Working on Andrew York’s “Quiccan”

For the past several weeks I’ve been working on the fourth guitar part of Andrew York’s quartet “Quiccan.”  I am working on it for the purpose of performing it with three other guitarists, two recent graduates of a music school and the third is currently pursuing his degree.  All three are good players and I am very happy to be working with them. “Quiccan” is one of those pieces that doesn’t really have an easy part to play, unlike some quartets or ensemble pieces where there are distinct differences between the parts’ degrees of difficulty.  In this case all four parts are decidedly challenging because many of the motifs circulate through all four parts at one point or another.  That being said, there are a few in there that don’t come through my part that I must say I’m relieved that I don’t have to pull off at this point!

            Thirty years ago I was finishing my degree in music and my classical guitar technique was excellent, far far better than it is currently.  Then I would have found the piece challenging and I have been finding it to be quite a challenge now.  However, working on it has been tremendously rewarding and while I don’t expect to be able to perform it at the same concert speed as the LAGQ or the Aquarelle Quartet, I do believe we’ll do it justice, because all four of us are enjoying the process and are capable players.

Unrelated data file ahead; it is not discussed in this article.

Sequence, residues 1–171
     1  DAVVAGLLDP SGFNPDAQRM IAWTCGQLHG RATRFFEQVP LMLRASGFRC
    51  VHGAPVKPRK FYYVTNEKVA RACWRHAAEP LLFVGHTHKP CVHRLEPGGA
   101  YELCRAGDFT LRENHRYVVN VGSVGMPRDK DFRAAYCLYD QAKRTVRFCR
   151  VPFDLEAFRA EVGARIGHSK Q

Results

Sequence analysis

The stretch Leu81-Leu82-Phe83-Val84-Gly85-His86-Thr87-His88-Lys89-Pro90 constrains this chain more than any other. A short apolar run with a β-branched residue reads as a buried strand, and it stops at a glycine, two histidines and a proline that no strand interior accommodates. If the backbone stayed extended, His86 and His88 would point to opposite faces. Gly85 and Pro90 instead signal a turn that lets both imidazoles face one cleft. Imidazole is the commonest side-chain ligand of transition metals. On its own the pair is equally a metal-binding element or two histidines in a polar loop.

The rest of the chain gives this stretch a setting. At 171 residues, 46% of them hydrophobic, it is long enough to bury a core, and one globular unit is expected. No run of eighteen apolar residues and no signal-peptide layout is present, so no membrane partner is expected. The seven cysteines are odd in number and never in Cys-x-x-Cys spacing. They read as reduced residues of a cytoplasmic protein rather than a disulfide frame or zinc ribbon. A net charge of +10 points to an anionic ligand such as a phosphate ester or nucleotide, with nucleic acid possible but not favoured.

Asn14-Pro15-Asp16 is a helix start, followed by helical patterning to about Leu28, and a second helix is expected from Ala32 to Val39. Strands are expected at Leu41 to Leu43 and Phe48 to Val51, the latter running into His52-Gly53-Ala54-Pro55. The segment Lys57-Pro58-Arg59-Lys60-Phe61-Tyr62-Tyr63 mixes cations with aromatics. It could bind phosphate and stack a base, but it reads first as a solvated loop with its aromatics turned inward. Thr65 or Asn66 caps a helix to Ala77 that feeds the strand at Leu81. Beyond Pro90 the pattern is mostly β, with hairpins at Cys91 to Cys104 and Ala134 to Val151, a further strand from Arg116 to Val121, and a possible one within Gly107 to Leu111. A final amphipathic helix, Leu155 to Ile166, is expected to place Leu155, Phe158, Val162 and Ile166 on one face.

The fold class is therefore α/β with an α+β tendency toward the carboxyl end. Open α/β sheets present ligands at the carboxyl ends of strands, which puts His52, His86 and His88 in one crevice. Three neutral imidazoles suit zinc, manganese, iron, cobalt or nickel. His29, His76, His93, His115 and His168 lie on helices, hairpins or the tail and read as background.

The things that I find most challenging aren’t necessarily the physical playing requirements, but rather the various time signature changes and tempo changes, largely because it has been quite awhile since I’ve had to deal with them.  Once I’ve heard what I’m supposed to do, and have internalized it sufficiently that I can feel it, it’s starts to become fluent.  I’ve found that actively listening to other folks perform it has been a great help, as has our quartet leader’s, Shaun Zimmerman, patience in re-running the passages to give me the opportunity to feel the inner dance within the parts.  It really ends up being more of a connection to the pulse of the section.  When I end up feeling it in my core, I nail it.  I’ve also come to grips with the fact that while my sight-reading is still quite good, I can’t rely on it to carry me through these areas and some of the more demanding sections.  I need to devote time to working through, and even memorizing sections so that I reliably hit what I need to, when I need to, and with the musicality that they deserve.

            Working on demanding pieces like “Quiccan” does require investing time and effort into both laying the ground work and polishing the parts to create the whole, but it is very rewarding work when it all comes together.  At our most recent rehearsal, we ran the whole piece for the first time and while it still needs much loving attention, just making it through with it all being definitely recognizable (hee, hee), was an excellent experience in itself.

Our first public performance of the piece is scheduled for mid-April, so we still have just short of a month to further knock it into shape.  It’s going to take more time and concentrated effort, but we’ll get it there.  I am heartily looking forward to it!

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3 thoughts on “Working on Andrew York’s “Quiccan”

  1. I just listened to Quiccan on Youtube. Its beautiful. Good luck in April – you should see if someone can video the performance!

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